5 Lessons From Obama's Debate Trainers To Improve Your Public Speaking Skills

If you want to improve your presentation skills, honest feedback is your new best friend. Here are five crucial lessons Obama learned after botching a 2012 debate.

Remember Barack Obama’s dismal showing in the first debate of last year’s presidential campaign? He seemed weary and detached, and his comments came off as passive, rambling, and didactic.

But less than two weeks later, President Obama gave an energetic, focused, and engaged performance.

How was he able to make such a dramatic shift in delivery? In their new book, Double Down, Mark Halperin and John Heilemann provide a behind-the-scenes account of Obama’s training for that all-important second debate.

Use the following five lessons from Obama’s training camp the next time you’re prepping for a presentation:

1. Admit you need help.

It’s impossible to get fixed if we don’t think we need fixing. Acknowledging shortfalls is the first step toward becoming a stronger presenter.

After the first debate, Obama readily confessed to his team that he had problems to overcome. “I wasn’t good, and I know that,” he said.

“It’s easy for me to slip back into what I know, which is basically to dissect arguments. I think when I talk. It can be halting. I start slow. It’s hard for me to just go into my answer.”

Recognizing these shortcomings gave Obama and his coaches a firm foundation for developing a more compelling presentation.

2. Forage for feedback.

Good presenters don’t totally rely on their own assessments of themselves. Instead, they seek honest feedback from trusted friends, co-workers, and family members. After each practice debate, Obama solicited opinions from his trainers, and they responded with honest feedback.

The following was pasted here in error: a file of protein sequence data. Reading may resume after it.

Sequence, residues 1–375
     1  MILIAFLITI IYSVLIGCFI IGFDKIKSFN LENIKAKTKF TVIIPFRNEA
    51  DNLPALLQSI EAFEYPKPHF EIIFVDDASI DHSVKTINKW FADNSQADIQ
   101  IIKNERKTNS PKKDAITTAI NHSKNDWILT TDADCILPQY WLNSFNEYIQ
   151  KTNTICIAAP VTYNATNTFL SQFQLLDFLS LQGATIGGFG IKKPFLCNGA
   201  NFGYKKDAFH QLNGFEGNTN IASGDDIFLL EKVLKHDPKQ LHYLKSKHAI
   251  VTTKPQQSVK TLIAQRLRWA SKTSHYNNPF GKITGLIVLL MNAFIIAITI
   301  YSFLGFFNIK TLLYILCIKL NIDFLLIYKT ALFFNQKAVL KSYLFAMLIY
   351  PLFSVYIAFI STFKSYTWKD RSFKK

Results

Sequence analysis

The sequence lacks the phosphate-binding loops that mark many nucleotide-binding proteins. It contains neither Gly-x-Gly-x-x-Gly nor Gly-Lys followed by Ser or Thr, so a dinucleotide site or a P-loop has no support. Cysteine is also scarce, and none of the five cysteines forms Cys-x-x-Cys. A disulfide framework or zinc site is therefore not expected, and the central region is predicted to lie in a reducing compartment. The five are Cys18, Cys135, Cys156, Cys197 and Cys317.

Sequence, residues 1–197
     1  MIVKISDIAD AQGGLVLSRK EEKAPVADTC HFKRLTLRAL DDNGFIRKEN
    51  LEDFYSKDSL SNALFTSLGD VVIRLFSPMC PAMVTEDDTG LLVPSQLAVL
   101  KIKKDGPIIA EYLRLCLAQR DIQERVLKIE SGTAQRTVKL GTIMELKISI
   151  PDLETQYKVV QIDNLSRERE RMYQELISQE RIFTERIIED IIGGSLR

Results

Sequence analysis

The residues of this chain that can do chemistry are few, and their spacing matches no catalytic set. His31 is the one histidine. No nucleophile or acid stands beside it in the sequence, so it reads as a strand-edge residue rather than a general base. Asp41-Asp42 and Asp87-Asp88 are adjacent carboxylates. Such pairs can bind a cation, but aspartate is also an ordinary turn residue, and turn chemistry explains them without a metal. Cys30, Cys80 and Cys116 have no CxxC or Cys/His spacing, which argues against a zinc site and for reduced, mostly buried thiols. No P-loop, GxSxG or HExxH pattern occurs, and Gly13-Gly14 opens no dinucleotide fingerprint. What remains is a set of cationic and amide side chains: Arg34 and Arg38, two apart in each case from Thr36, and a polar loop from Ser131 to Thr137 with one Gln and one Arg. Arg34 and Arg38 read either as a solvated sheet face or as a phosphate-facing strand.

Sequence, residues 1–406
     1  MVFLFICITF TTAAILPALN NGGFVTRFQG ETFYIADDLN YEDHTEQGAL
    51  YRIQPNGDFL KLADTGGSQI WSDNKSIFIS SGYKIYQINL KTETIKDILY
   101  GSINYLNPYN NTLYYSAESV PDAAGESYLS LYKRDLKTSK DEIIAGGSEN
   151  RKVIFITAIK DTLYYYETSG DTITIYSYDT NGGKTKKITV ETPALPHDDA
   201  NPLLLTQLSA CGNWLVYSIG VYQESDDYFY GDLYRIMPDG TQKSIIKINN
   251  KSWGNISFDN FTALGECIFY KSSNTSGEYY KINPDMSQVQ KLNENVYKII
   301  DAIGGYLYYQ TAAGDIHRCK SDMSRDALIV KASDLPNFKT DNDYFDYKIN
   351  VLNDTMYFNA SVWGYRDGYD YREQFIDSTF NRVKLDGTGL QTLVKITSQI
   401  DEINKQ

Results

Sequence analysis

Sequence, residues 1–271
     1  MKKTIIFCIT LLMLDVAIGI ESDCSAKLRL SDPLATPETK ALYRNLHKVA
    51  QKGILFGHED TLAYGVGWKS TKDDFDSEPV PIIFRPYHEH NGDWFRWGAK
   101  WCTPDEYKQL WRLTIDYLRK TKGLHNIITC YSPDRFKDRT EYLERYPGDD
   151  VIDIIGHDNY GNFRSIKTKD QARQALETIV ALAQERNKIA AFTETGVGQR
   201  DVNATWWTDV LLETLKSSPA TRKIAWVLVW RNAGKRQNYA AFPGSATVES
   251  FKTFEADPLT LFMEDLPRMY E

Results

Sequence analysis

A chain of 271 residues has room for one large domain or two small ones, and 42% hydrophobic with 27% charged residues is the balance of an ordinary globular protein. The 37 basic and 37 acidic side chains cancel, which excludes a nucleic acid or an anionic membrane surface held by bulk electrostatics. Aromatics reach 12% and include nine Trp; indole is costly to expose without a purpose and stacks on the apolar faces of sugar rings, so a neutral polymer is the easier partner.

“We’re not going to get there by continuing to grind away and marginally improve,” lead debate coach Ron Klain told him after one lackluster rehearsal. “This is not about changing the words in your debate book…this is about style, engagement, speed, presentation, attitude.”

3. Keep it simple.

When presenters know their subject matter inside and out, it’s tempting to over-analyze, digress, or drone on about minor details.

But powerful presenters find ways to narrow the focus and use tricks to help stay on track.

As debate day approached, Klain gave Obama a “debate-on-a-page”--a single piece of paper underscoring key points.

The one-pager included Must Remember items (“engage the audience,” “don’t chase rabbits,” “passion for people and plans”), Best Hits (“preexisting and ER,” “women’s health,” “Romney + China outsourcing”) and Rebuttal Cheat Sheet (“energy – coal plant is a killer,” “gridlock – Romney brings the lobbyist back,” “jobs: the 1-point plan”).

And during final rehearsals, the debate team used catchphrases to keep Obama from backsliding. “Fast and hammy! Fast and hammy!” Klain would shout when Obama’s delivery became glum.

4. Chill out and sleep in.

Like athletes, good presenters understand the value of receiving rest, replenishment, and nourishment before taking the stage.

But Obama and his team overlooked that regimen when preparing for the first debate. He had arrived late in Denver, giving his body little time to adjust to the altitude. He stuffed down a rushed, unappetizing dinner. And before bedtime, he became agitated when he couldn’t reach his daughters by phone. “He seemed overscheduled, over-coached, and under-rested,” write Halperin and Heilemann.